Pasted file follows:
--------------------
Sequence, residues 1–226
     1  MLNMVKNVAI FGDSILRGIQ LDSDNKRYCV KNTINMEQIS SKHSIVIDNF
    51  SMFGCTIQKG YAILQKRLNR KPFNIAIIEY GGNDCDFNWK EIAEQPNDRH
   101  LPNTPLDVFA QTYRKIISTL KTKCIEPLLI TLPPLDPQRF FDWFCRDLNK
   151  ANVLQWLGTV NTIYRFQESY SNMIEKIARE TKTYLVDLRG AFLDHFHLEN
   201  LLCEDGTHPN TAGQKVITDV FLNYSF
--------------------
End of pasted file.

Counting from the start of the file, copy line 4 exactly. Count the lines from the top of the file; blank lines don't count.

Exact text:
   101  LPNTPLDVFA QTYRKIISTL KTKCIEPLLI TLPPLDPQRF FDWFCRDLNK